The supernatant from the clarifier passes through a sand filter, is pH adjusted and is mixed with the oily waste water before it is discharged to the city sewer system. Infrequently, the sand filter is backwashed and the solids from the sand filter are routed to the waste water treatment plant to be incorporated into the final sludge. Before mixing with the process waste water, the oily waste water is mixed with emulsifiers and is pumped to a dissolved air floatation unit (DAF). The oily sludge from the DAF may be pumped to the sludge thickener tank where it commingles with the sludge from the process waste or the oily sludge may be hauled off site for disposal as a solid waste. The sludge filter cake sampled for this petition was generated when the oily sludge from the DAF was being pumped to the sludge thickener tank.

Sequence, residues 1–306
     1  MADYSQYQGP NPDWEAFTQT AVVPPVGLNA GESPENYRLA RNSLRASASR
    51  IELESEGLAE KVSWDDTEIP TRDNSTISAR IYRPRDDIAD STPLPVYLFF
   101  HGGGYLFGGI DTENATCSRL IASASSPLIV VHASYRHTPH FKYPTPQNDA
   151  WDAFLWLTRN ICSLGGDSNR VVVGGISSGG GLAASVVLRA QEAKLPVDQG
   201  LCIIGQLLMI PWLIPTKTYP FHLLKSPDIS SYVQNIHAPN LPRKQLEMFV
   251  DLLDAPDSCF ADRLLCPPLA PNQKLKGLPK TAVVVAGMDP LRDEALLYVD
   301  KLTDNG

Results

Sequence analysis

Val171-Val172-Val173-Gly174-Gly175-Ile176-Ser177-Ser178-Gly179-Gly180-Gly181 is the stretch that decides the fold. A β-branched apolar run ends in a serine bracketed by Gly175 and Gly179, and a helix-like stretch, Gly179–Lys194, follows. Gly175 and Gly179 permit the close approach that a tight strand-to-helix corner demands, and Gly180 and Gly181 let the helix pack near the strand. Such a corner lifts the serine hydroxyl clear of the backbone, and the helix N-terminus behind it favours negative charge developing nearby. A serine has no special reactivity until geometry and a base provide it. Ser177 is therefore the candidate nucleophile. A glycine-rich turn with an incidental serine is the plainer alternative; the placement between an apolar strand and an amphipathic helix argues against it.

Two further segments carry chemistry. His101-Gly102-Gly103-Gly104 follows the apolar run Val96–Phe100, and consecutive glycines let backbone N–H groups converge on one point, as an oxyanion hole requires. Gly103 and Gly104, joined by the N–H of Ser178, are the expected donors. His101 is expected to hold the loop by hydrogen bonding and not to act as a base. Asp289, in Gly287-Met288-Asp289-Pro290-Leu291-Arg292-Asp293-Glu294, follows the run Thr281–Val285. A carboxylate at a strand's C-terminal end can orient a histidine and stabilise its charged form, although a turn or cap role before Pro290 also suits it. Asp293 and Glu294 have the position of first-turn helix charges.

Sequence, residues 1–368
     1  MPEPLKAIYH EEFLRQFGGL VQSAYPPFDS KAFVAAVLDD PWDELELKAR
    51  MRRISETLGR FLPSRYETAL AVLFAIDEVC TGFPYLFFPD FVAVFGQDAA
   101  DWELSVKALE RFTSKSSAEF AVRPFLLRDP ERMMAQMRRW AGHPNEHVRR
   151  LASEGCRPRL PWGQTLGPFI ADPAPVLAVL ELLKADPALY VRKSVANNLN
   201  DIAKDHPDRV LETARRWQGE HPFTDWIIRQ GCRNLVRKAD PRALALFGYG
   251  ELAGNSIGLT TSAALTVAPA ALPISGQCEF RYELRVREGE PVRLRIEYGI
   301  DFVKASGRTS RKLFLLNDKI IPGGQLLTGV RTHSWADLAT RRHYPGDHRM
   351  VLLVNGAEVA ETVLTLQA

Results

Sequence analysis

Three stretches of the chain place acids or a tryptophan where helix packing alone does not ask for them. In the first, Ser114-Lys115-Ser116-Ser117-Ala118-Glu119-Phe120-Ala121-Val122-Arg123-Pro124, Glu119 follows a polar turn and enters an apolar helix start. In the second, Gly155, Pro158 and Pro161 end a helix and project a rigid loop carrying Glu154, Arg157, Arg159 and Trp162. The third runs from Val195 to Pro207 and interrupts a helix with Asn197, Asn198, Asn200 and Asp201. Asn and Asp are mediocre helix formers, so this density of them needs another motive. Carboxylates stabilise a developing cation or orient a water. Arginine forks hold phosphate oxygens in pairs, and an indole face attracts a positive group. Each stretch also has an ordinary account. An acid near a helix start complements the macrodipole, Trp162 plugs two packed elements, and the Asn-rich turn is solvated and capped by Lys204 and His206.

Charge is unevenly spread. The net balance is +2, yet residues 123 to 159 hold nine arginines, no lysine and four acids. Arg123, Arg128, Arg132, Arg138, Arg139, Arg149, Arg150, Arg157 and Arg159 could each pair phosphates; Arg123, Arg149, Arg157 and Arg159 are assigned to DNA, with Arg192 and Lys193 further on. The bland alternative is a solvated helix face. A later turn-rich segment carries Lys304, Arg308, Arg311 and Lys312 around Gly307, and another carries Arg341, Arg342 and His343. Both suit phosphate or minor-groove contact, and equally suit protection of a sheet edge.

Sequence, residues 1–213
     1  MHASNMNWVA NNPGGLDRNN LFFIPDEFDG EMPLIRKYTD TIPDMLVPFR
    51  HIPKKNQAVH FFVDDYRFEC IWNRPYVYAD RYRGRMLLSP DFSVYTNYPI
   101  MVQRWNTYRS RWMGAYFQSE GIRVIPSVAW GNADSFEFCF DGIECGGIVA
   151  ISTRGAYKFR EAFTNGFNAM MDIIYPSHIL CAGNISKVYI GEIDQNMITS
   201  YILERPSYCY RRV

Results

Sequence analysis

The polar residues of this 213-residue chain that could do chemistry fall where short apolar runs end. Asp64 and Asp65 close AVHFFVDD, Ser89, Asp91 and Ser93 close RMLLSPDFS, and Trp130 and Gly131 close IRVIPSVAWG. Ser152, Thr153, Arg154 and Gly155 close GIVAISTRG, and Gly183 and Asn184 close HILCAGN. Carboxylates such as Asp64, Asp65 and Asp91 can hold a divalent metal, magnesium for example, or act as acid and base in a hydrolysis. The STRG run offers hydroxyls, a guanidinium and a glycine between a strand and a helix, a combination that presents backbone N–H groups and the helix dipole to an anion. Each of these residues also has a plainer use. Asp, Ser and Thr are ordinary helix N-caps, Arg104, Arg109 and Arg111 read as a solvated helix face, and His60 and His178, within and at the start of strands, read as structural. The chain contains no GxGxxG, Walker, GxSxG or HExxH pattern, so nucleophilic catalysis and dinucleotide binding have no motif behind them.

C. How Did GM Sample and Analyze the Petitioned Waste? ↑
On December 16, 1997 GM sampled the WWTP sludge from four separate roll-off boxes representing sludge collected over a period of approximately 4 weeks. On June 9, 1998 GM sampled the sludge in another roll-off box representing the sludge collected over a period of one week. GM collected one composite and one grab sample of sludge from each roll-off box during each sampling event. Composite samples consisted of four individual full-depth core grab samples mixed together to form one sample.